Recognizing Basal Cell Skin Carcinoma

Basal Cell Skin Cancer is a slow growing form of cancer. It is the most common type of skin cancer, accounting for 75% of all skin cancers reported. Though it's not likely to become deadly and rarely spreads, if left untreated, it can grow into surrounding tissues and bone, causing disfigurement. It is especially worrisome if it appears near the eyes, nose, or ears.

This form of cancer begins in the upper layer of skin called the epidermis, most often in areas that are regularly exposed to ultraviolet rays coming from sun exposure. There is also a wide occurrence of a cancer appearing on the scalp. In the past, basal cell cancer was most often seen in people over 40, but recent studies show the trend changing to include much younger ages. This is probably due to the increased practice of skin tanning. The risk for basal cell carcinoma are higher if you are light skinned or sunburn easily, you have light colored eyes, your hair is blonde or red, or if you suffer overexposure to sunlight and other ultraviolet radiation such as xrays.

Even though growth is normally very slow and painless, any new skin growth that bleeds easily or does not heal well should be examined as it may be suggestive of cancer. Basal cell often looks much like the surrounding areas of skin with only a very slight difference. The growth may be of a slightly different color, or appear as a skin bump. The appearance may vary from one to another. Sometimes they have a pearly or waxy look to them. The coloring can be light pink, even white, to flesh colored or brown. The skin might be only slightly raised, and occasionally flat.

Other symptoms and characteristics of a skin cancer are: A skin sore that bleeds easily or does not heal, continued oozing or crusting spots in a sore, a sore with a sunken area in the middle, the appearance of a scar-like mark in an area never having suffered an injury, irregular blood vessels in and around the target.

Once the affected area is examined by a physician and it is determined that cancer is a possibility, a biopsy will be performed. As there are many different types of skin biopsies, your doctor will determine the correct one based on the location of the cancer. This is necessary in order to confirm the diagnosis.

The method for removal of the cancerous growth depends on the location, the size, and the depth. There are several possible treatments which can be recommended:

  • Excision, or cutting out, of the tumor using stitches to pull the skin back together

  • Surgery such as Moh's surgery. The affected area is cut out and immediately checked microscopically for cancer. The procedure is repeated until the skin sample is cancer free.

  • Curettage and electrodesiccation which scrapes away the cancer and then kills the remaining cells with electricity

  • Cryosurgery, a process that freezes and kills the cancer cells

  • Radiation for the rare instances where the cancer has spread to lymph nodes or other organs. It is also used to treat tumors located in areas that can not be reached through surgery.

  • Medicated skin creams used for treating superficial basal cell cancers

Small basal cell cancers have a minute incidence of return while the larger ones have a 10% likelihood where any form of treatment other than Moh's surgery is used. With Moh's, there is about a 1% possibility that the cancer will return.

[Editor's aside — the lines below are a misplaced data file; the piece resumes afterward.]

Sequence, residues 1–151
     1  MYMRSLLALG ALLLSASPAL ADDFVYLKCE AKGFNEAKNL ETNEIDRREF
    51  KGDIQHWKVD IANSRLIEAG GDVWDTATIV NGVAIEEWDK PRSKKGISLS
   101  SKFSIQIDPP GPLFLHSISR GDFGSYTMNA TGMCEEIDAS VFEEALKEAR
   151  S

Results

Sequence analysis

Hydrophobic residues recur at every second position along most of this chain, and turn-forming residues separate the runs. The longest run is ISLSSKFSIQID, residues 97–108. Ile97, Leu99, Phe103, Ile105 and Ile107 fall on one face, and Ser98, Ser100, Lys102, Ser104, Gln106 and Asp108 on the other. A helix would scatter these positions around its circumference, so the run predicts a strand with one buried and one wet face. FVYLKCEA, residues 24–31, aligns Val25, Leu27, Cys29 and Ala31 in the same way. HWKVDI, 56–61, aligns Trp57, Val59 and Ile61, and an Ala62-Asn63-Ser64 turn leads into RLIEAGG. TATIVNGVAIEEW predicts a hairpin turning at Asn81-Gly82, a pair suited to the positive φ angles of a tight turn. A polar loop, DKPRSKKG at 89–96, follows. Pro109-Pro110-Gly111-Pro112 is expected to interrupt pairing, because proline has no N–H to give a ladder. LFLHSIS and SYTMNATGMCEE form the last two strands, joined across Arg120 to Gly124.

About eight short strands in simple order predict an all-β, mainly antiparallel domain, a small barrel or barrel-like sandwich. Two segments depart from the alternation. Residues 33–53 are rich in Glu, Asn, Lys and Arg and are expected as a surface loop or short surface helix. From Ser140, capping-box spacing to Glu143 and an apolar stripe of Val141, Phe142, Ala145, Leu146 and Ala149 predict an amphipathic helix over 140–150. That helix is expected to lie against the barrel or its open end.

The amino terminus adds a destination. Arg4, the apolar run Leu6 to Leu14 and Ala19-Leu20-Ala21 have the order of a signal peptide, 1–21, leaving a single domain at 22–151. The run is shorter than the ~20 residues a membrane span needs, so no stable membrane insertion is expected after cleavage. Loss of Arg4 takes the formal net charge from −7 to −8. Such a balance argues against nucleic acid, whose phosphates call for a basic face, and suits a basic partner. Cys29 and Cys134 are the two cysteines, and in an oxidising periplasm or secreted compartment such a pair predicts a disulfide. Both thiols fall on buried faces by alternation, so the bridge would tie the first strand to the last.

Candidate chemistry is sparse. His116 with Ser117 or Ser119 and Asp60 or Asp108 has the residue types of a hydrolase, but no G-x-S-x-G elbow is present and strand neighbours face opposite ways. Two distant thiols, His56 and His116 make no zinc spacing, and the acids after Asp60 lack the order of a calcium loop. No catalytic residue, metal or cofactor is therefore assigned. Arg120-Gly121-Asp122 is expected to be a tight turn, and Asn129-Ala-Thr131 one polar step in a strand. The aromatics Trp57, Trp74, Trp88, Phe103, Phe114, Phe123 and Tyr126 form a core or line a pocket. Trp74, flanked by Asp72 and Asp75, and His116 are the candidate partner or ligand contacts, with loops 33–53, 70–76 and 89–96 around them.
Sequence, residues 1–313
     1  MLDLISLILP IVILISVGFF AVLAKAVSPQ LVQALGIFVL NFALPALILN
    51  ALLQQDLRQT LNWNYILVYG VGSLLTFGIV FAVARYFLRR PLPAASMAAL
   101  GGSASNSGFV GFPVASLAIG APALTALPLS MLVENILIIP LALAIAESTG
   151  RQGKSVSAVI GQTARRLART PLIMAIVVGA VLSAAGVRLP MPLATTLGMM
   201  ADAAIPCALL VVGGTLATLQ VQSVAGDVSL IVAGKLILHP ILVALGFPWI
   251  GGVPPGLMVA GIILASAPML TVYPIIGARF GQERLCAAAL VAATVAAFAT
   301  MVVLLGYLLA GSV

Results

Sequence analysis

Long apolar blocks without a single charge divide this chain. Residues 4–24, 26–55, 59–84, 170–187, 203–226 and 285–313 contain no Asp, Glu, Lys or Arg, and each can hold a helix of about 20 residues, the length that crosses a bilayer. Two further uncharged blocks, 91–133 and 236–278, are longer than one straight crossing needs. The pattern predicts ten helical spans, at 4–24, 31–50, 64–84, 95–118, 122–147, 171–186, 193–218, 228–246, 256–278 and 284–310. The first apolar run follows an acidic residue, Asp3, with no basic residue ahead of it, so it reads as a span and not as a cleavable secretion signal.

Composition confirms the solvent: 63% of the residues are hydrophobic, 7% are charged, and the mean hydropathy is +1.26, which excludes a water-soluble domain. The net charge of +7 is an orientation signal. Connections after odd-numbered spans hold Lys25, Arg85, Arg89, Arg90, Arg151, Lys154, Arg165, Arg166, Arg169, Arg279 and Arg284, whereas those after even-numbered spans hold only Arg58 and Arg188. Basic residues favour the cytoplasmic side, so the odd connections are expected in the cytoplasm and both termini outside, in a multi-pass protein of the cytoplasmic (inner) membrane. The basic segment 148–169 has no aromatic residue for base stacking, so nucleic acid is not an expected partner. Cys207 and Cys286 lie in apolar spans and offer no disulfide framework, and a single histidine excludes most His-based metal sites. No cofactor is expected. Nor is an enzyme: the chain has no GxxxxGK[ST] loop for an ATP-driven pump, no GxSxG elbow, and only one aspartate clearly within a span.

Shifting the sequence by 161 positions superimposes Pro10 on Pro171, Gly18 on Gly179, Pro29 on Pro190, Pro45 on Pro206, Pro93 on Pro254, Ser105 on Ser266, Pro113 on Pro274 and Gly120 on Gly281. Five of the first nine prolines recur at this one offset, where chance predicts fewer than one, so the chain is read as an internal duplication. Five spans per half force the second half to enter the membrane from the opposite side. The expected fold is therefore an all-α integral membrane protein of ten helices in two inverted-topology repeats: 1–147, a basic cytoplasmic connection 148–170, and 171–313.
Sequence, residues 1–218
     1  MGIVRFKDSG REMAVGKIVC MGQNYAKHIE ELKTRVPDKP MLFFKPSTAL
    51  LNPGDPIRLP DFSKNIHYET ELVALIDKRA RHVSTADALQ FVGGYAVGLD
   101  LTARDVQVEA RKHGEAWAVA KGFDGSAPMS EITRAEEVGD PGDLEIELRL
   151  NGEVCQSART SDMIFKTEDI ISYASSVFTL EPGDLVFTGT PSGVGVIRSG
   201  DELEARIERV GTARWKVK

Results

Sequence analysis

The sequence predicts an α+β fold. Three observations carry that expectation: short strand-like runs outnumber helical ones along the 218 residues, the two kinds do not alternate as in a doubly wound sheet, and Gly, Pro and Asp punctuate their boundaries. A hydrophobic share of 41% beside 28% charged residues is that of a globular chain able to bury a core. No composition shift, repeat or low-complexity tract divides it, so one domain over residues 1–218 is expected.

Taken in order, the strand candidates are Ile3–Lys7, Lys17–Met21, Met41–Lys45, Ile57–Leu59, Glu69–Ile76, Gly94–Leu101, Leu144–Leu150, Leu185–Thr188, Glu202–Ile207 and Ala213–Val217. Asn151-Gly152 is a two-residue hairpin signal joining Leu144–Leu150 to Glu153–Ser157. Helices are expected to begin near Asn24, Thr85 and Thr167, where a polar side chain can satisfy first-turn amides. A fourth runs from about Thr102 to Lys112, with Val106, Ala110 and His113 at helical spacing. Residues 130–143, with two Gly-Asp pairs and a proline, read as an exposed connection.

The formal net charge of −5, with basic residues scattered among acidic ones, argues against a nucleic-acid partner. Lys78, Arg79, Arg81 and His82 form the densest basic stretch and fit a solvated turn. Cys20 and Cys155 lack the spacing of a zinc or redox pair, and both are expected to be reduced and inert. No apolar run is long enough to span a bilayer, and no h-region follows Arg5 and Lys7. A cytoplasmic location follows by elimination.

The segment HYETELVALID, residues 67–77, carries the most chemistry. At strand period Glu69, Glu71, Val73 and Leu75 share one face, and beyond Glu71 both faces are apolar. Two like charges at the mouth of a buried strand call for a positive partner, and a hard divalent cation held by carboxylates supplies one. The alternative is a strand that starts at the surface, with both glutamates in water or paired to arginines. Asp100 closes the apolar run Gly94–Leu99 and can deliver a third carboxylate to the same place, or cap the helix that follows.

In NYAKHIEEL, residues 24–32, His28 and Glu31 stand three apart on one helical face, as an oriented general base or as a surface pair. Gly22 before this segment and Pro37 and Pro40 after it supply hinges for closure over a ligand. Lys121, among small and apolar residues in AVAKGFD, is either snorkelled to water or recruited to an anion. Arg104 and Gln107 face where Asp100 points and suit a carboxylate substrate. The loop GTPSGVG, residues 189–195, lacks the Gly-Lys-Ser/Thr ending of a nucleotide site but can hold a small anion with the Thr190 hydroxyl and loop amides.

Regularly scheduled appointments with your physician should be made for follow-up, usually about every six months. You should do a self-examination monthly, using mirrors to check hard to see areas of the skin. Look for any new growths or changes of color, size, texture, or appearance. Also make note if you notice bleeding, itching, swelling, redness, or pain. Your physician should be contacted if anything suspicious is discovered.

The best way to prevent basal cell cancer is to keep sun exposure to a the minimum required to remain healthy, as with vitamin absorption needs. Ultraviolet rays are most intense during midday hours, so it is best to reduce the amount of time spent in the sun at that time. Wearing long sleeves, hats, and long pants will help to reduce exposure. A sunscreen with an SPF of at least 15 should be applied 30 minutes prior to going out, and should be worn even in the winter. When choosing a sunscreen, look for those which offer protection from both UVA and UVB light.

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RTalloni profile image

RTalloni 5 years ago from the short journey

Bravo for a well-done and important hub.

May I add that not all basel cell cancers are recognized by typical symptoms so be persistent if you have a "thing" that you wonder about even if a doc says not to worry.

I had a "thing" on the top of my head at a very young age. Docs ignored me when I told them it was odd, that something was wrong. I gave up until my hairdresser said, "Go to your doctor." The docs paid attention to that and biopsied it. Sure enough, I had to go back in for a "little" surgery. Then, another. It was deep--and there's not that much on the top of one's head! End of story (I hope) is that I was left with a big dip on top. All the trouble could have been prevented if the first time I mentioned it a doc had taken me seriously and just taken it out.

As well, another doc in another state ignored my husband's concern about a "thing" on his temple. Thankfully, the next doc checked it out. Melanoma, caught early because we kept mentioning it.


Terri Meredith profile image

Terri Meredith 5 years ago from Pennsylvania Author

Thanks for your input. I had my own scary run-in with Basal Cell Carcinoma. I had ignored it for far too long until it became very aggressive. Now I pay close attention.

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